The Jane Goodall Institute has a blog, which has been updated daily for some time. According to the description:
Gombe scientists tell us about their work, daily chimp dramas, the beauty of the landscape and the struggles they experience and observe. Jane drops in now and then, too.
There is a lot of content in the daily entries, really like a diary version of field notes. I'm pasting a sample, which gives the flavor of just how interesting it is, especially if you have seen documentary footage of these chimpanzees:
Sandi is swelling again, which means she has attracted quite a following. Every male (Kris, Freud, Tubi, Frodo, Wilkie, Gimble, Apollo, Sheldon, Kris, Faustino, and Pax) is closely following her every move. Even the adolescents Ferdinand, Titan and Zeus are waiting in the wings for their chance to sneak a copulation with her at the risk of aggression from the adults. The day was filled with mating, and of course the alpha male, Kris, was most active. When the males were not trying to copulate with Sandi, they were busy fighting each other, trying to keep each other away from Sandi. These fights were impressive, with males chasing each other out of trees, many of them crashing down into the bushes below in their hurry to escape the aggression of another. It certainly is an interesting show, although all the chaos can make it difficult to observe who is actually doing what.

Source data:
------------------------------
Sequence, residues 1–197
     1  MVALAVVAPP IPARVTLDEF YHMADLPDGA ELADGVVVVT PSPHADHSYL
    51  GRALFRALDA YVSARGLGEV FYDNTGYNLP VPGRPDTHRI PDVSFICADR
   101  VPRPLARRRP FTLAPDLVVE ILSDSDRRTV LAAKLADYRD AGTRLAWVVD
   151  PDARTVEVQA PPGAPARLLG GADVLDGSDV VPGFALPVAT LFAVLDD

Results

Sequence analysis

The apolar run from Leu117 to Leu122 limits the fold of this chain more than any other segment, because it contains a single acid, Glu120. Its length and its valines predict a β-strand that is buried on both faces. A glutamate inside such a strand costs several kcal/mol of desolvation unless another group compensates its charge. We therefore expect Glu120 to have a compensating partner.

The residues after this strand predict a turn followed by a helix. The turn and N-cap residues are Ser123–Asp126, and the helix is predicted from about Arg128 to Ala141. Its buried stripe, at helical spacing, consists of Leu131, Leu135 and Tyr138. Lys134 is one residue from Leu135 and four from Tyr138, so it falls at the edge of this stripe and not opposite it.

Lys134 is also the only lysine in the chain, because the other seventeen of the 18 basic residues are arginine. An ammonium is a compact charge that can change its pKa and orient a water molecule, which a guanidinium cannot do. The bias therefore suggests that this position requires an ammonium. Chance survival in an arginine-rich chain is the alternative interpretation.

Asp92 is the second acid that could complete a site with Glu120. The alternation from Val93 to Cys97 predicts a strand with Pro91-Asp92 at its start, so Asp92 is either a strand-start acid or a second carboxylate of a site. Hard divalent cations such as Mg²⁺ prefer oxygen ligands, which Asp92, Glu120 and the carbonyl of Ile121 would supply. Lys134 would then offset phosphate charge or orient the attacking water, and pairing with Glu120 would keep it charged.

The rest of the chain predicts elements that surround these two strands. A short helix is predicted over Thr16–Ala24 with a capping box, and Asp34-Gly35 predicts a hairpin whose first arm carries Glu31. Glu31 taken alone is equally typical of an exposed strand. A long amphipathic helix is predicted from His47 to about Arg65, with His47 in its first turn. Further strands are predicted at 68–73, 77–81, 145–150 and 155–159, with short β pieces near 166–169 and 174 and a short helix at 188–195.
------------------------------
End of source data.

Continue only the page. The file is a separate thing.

I really recommend it; it's like a chimpanzee soap opera. The only downside is that the entries require Google Earth to read them. This allows the cool map integration that Google Earth does so well, but it seems superfluous here, since the entries don't depend crucially on their locations within the reserve.
I assume that Google must have contributed some money for this, so I wish them well, but it does make it harder to read.